A few weeks ago, I had the amazing opportunity to attend the American Sewing Guild Conference in Indianapolis. I had a wonderful time, learned a lot, and met some fantastic people.One of my instructions was to fill my day with classes—what a burden, right?
I started off my Friday with a class on working with patterning software with Susan Lazear of Cochenille Design Studio. Susan coded her Garment Designer Software herself, and it looks so cool! I’m hoping to get an opportunity to play with it one of these days.
My second class was with Sandy Miller of Cutting Line Designs. It was about adding gentle shaping to garments via a selection of methods like darts, tucks, casings, and tabs. Sandy pointed out something to me that I had never realized before—darts don’t have to be triangles or diamonds! They can curve to give you the exact shaping you need. I don’t know why I never thought of this, but it was quite the epiphany!
I was lucky enough to have my Friday lunch with the amazing Rae Cumbie of Fit for Art Patterns and June Colburn of June Colburn Designs. They were delightful lunch companions, and it was wonderful to spend some time getting to know them. Friday lunch also featured the keynote speaker, Linda Przybyszewski, author of The Lost Art of the Dress. She took us on a journey through dressing expectations from the 1920s through the 1960s with details on the historical context for those choices. I love vintage fashion and I love historical context, so it was a fascinating hour for me!
My final Friday class was about tailored jackets with Connie Crawford of Fashion Patterns by Coni. She has an long and varied career history in the garment industry and teaching sewing to fashion students. She had a wealth of knowledge to share with us and I feel lucky to have had the chance to learn from her.
The rest of my day was spent in the exhibit hall meeting such talented people as Janet Pray of Islander Sewing and Gail Patrice Yellen of Gail Patrice Design and drooling over the pretty fabrics and atypical notions that were for sale. I barely stopped myself from buying an industrial iron such as the kind that I used to use when I worked in costume shops—it was only the prospect of packing it into my carryon and lifting it into the overhead bin that stopped me! I later discovered that they would have shipped it for free, so I’m kicking myself.
Saturday was just as full of great classes and people. Shirley Adams of The Sewing Connection gave a lecture on her alternatives pattern collection with bonus information about moving darts on a bodice that will be really useful when altering patterns. Cindy Losekamp of Sew Artfully Yours gave us a treasure trove of information about embroidering on anything and everything. I’m still pretty new to machine embroidery, so I’m always excited to learn something new.
I imagine the highlight of the conference for a lot of people is always the fashion show. It is a really cool event. I loved seeing the amazing things people can do with fabric and challenges, especially the guild members who aren’t professionals. The wow piece of the day was a wedding gown made by a guild member for her daughter, who graciously modeled it. I know I would never have the courage to make a wedding gown for anyone close to me (what if I messed it up?), so that aspect was especially impressive. The winner of the fashion show was announced on Sunday after I left, so I don’t know who it was. If anyone does, please let me know!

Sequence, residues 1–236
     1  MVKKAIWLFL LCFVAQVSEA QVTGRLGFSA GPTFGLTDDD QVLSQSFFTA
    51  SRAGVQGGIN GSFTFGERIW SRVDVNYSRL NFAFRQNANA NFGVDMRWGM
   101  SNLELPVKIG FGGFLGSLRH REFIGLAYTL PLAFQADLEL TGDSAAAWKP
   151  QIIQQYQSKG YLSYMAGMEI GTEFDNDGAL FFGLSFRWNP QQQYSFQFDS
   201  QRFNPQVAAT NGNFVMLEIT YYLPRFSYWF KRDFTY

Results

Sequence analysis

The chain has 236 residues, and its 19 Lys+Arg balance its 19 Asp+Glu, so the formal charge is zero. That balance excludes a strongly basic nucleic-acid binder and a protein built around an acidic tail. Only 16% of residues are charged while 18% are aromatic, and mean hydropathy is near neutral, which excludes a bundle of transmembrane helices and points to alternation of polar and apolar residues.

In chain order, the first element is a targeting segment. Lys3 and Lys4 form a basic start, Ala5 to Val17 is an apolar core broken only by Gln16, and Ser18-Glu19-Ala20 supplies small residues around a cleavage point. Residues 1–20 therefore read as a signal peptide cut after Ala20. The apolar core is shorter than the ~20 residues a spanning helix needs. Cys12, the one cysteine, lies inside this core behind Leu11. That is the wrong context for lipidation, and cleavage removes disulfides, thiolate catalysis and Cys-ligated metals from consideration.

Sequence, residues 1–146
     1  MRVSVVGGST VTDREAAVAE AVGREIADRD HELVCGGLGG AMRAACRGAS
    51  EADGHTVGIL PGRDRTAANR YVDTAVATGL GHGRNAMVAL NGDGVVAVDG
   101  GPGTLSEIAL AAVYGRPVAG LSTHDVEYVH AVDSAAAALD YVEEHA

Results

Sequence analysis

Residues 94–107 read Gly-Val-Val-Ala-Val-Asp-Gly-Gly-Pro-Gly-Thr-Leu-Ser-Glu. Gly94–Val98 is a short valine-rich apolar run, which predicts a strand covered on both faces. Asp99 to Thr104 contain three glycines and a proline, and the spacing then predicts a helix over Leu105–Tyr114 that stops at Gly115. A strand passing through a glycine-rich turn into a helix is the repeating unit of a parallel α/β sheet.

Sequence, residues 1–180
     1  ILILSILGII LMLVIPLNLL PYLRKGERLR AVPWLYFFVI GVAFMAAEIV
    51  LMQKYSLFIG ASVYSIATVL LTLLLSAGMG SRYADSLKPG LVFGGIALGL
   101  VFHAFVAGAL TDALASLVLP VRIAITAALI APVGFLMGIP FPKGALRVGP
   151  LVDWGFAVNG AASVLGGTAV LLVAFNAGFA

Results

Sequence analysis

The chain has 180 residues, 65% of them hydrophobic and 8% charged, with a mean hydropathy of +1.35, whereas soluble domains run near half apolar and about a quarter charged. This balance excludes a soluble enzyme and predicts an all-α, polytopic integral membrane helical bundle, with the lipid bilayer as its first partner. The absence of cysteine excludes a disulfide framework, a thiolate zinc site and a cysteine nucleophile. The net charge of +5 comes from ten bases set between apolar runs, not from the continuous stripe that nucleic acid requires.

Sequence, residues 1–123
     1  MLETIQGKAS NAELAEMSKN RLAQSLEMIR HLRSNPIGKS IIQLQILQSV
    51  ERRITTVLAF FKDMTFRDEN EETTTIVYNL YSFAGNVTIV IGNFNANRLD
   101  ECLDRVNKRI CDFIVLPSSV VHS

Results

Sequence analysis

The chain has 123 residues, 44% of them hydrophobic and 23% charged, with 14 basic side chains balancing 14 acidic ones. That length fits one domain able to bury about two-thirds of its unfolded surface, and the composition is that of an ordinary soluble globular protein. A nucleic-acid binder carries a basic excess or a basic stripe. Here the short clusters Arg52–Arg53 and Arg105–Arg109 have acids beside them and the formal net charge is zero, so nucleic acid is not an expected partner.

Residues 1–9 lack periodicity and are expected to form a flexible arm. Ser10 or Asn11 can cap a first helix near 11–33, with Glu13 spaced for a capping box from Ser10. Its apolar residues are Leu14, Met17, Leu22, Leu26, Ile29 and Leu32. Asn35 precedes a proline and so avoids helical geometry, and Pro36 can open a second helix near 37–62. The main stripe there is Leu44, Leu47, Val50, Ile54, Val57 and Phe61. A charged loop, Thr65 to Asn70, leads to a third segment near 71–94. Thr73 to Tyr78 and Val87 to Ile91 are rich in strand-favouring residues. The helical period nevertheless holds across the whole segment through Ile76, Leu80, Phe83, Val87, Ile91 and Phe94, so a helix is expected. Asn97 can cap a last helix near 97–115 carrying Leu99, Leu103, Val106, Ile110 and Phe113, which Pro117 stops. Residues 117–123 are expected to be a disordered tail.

My final class at the ASG conference was Sewing with Silk with Kandi Christian of Sew Timeless. I thought I was just sitting in on this one—the class was full but they let me to watch—but a few ladies decided they didn’t want to pay the fee, so I got to sew for the first time all weekend.
It was really fun. Kandi gave us a selection of silk samples to try out techniques on and taught us how to keep seams from puckering, how to finish seams to prevent raveling and keep them neat, and how to inset lace. I admit I struggled a bit with the generously-lent computerized Viking machines (I have a mechanical Singer that’s about as old as I am, so the newer machines can throw me off when I first try to use them), but it was a great class and I learned a lot. And then I went to the exhibit hall and bought some gorgeous silk jacquard to try my new skills on.
Before I did that, though, I had a nice long chat with Ramona Baird, the education director of ASG and a contributor to Creative Machine Embroidery and hung out for awhile with Pam Demour, the Decorating Diva, and her business partner Betty Mitchell. One of Pam’s videos taught me how to make continuous bias tape, which is magic, so she’s a hero of mine.
I thought my conference was pretty much over when I went back up to my room that night, but I didn’t count on eating my breakfast the next morning with Janet Pray, Connie Crawford and Lynn Strobel of Synergy Art and Design. My last experience at the ASG conference was sitting around a table and listening to some incredibly knowledgeable and talented people talk shop. What a way to end the weekend! I’m so grateful that I got to participate in this wonderful gathering. The ASG put on a wonderful event, and I have to compliment them and especially the Indianapolis chapter for doing such a great job.